X-bar structure

In such structures, strict application of the Match-Phrase constraint as defined in (2) would result in a non-binary φ-phrase (Y X Z) rather than binary (Y(XZ)),[3] as illustrated in (4) and (5), respectively.

Ternary structure, derived from (3)
Binary (recursive) structure, preserving binary branchingness

Bennett et al. (2016) derive the preference for the structure in (5) in Irish to a high-ranking prosodic Binarity constraint requiring φ to dominate no more than two ω, rather than requiring sensitivity to bar-level categories and syntactic branchingness on the part of Match-Phrase. It remains an empirical question whether ternary prosodic structures occur in languages, or whether binary (or binary-branching) structures are universally preferred.[4] For further discussion of the relationship between syntactic branchingness and prosodic eurhythmic preferences for binary structures, see, for example, Ghini (1993).

At the clausal level, there are a number of ways in which Match-Clause may be interpreted in the prosodic representation. As discussed in Selkirk (2011), clauses can be defined syntactically (e.g. as CP) or pragmatically (e.g. as the ‘illocutionary’ clause). As noted in Selkirk (2011), there is empirical support behind both possibilities as being the basis for intonational phrases in Match Theory (as well as its predecessors in prosodic structure theory), and it is proposed in that work that both Match(illocutionary clause, ι) and Match(clause, ι) may exist in linguistic grammars. On a different note, Hamlaoui and Szendrői (2015, 2017) propose that the mapping of intonational phrases is syntactically defined, and may vary from language to language depending on language-specific surface syntactic patterns: specifically, they argue that intonational phrase edges are defined by the highest extended projection of the verb. For further discussion of these issues, as well as empirical discussion, see Selkirk (2011) and Hamlaoui and Szendrői (2015, 2017) and the references cited within.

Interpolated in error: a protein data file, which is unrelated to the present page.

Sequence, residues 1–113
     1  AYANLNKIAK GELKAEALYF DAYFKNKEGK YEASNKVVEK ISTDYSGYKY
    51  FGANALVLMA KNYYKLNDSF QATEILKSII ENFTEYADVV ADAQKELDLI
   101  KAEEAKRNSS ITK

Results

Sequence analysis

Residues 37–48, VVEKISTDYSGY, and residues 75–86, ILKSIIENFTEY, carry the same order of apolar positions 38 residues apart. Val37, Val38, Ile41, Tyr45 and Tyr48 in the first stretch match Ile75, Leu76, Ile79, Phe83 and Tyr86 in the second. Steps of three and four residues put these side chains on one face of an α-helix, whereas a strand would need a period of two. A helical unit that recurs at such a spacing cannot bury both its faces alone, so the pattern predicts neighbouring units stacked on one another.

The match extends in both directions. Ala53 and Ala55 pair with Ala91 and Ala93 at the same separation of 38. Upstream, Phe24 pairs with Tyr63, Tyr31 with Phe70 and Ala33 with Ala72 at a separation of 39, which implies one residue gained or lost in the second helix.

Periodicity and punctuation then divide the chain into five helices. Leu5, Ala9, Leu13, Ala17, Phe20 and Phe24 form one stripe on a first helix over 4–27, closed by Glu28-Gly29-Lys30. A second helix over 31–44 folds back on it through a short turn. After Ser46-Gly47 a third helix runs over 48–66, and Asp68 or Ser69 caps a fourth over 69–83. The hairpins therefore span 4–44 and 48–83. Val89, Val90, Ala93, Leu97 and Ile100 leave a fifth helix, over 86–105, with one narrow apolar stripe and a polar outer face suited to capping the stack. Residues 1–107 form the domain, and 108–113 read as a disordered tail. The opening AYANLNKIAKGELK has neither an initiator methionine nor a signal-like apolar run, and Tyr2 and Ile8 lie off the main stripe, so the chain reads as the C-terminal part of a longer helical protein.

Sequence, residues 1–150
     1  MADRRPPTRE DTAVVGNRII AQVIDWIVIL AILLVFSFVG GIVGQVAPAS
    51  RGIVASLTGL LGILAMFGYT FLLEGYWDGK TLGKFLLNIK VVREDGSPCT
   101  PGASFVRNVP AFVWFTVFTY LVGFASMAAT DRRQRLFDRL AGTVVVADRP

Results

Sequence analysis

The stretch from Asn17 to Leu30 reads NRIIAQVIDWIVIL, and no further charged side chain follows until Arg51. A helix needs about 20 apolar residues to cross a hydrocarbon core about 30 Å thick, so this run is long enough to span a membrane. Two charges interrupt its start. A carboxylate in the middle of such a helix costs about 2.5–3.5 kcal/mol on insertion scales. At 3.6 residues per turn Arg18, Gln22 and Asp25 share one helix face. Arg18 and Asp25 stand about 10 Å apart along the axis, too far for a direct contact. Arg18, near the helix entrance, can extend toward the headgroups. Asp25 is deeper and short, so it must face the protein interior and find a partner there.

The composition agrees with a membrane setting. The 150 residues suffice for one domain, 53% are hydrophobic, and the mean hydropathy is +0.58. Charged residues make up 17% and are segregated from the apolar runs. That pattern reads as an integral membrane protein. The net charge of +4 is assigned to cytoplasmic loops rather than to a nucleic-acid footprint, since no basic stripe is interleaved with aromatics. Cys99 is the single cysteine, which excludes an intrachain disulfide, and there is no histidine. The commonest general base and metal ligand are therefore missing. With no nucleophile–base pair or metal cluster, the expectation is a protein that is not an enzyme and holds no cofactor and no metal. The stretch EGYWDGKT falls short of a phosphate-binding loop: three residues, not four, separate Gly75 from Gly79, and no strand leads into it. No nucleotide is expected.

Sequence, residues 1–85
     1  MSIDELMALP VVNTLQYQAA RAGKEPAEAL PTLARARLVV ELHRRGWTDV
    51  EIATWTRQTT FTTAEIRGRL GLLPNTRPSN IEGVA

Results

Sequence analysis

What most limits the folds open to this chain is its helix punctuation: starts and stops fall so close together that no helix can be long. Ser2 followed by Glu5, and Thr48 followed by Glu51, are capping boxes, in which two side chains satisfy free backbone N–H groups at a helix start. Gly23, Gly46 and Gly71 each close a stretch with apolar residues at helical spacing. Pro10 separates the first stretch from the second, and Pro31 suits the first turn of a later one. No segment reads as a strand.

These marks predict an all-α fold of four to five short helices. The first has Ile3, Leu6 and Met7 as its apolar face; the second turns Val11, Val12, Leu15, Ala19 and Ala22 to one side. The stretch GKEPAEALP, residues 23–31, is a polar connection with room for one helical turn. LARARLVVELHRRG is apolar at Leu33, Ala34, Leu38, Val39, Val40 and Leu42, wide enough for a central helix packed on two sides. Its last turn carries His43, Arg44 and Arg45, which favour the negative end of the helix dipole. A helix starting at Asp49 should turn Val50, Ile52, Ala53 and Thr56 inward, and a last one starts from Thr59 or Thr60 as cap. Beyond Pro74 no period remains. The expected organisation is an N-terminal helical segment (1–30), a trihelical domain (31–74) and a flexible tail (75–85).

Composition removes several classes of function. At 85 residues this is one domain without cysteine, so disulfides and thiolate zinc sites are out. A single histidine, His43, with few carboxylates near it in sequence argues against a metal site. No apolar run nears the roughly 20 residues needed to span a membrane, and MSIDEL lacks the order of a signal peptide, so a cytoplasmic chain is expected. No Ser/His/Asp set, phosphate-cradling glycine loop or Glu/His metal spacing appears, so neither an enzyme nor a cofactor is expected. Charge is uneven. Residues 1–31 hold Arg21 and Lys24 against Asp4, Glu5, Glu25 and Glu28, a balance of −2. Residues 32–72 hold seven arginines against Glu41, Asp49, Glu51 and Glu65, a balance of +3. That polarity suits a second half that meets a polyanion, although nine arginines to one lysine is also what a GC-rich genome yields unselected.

Finally, it is worth discussing how the Lexical Category Condition (Selkirk and Shen 1990; Selkirk 1995; Truckenbrodt 1995, Truckenbrodt 1999) relates to both Match-Word and Match-Phrase. This condition embodies the observation that syntactic functional elements and their projections behave differently in terms of syntax-prosody mapping as compared to syntactic lexical elements. More specifically, function words and their projections are thought not to be visible to syntax-prosody mapping constraints. It remains a matter of debate whether this condition, originally proposed as part of an end-based approach to syntax-prosody mapping, should be incorporated into Match Theory, which makes different base assumptions regarding how syntactic constituents are mapped onto prosodic constituents. This topic, specifically as relates to Match Theory, is further discussed in Selkirk (2011), Elfner (2012, 2015), and Selkirk and Lee (2015).